Outdoor space quality: Impact of deep canyon thermal comfort in an urban residential community

Amr Sayed Hassan Abdallah*, Saleh N.J. Al-Saadi

*Corresponding author for this work

Research output: Contribution to journalArticlepeer-review

1 Citation (Scopus)

Abstract

Urban design between buildings has a strong impact on people who use outdoor spaces. It is directly linked to the configuration of the street axes, orientation, and canopy ratio. This study investigates the impact of urban geometry between residential buildings in Assiut city, Egypt with a ratio of (H/W) 4 as a common design concept of big complexes, on residences thermal comfort and flats indoor environment. Thermal comfort for outdoor spaces in the urban canyon was evaluated based on field measurement in a different location using different parameters (Temperature, relative humidity, CO2, and wind speed) during the hot months of the summer season. Also evaluation for indoor environment of different flats overlooking the urban canyon. The results indicated that the quality of outdoor spaces, in deep canyons of the El-Ebrahimia complex, affects residents thermal comfort with a significant reduction of canyon temperature is achieved with a temperature difference range from 7 to 10 Kelvin (K) between outdoor temperature and canyon temperature and 10 K for flats overlooking the canyon due to canyon design and (H/W) ratio. Temperature reduction of canyon temperature causes thermal comfort for residents to practice social activities with a temperature range between 26 °C to 30 °C for the Standard Effective Temperature (SET*). The study provided information to use deep urban canyons as multiple designs in residential complexes of the Assiut hot arid climate.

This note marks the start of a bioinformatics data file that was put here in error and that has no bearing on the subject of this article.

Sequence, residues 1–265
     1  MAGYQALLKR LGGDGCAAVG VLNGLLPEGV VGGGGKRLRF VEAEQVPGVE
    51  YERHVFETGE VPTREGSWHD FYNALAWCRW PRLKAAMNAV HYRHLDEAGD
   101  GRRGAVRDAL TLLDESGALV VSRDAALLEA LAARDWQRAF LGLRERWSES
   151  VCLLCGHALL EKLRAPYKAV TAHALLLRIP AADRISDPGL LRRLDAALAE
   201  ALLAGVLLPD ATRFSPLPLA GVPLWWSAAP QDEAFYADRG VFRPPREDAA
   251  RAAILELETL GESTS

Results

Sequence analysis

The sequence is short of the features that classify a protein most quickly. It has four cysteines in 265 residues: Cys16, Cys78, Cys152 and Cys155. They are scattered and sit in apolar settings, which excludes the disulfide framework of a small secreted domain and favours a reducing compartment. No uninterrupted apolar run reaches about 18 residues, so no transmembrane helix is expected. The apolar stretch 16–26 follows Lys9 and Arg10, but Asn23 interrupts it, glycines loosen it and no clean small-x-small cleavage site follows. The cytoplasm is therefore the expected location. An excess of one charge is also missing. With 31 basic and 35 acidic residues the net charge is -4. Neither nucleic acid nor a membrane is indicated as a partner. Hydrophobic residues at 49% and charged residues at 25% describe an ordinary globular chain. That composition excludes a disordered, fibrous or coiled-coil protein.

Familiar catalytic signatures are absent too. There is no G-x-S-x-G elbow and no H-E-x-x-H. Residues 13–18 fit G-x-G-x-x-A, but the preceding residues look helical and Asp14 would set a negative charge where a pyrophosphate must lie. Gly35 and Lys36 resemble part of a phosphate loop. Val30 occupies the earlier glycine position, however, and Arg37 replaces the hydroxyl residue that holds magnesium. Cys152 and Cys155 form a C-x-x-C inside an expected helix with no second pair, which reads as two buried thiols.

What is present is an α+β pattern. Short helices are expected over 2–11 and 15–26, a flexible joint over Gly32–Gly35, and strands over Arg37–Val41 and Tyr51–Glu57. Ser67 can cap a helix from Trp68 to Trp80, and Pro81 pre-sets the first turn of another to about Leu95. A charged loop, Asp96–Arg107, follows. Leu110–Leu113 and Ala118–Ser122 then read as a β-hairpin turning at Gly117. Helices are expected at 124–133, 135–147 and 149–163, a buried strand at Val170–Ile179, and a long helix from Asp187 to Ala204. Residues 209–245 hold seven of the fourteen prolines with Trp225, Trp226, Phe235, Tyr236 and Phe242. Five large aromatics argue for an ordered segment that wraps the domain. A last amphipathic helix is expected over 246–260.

Original languageEnglish
Pages (from-to)477-488
Number of pages12
JournalScience and Technology for the Built Environment
Volume27
Issue number4
DOIs
Publication statusPublished - 2020
Externally publishedYes

ASJC Scopus subject areas

  • Environmental Engineering
  • Building and Construction
  • Fluid Flow and Transfer Processes

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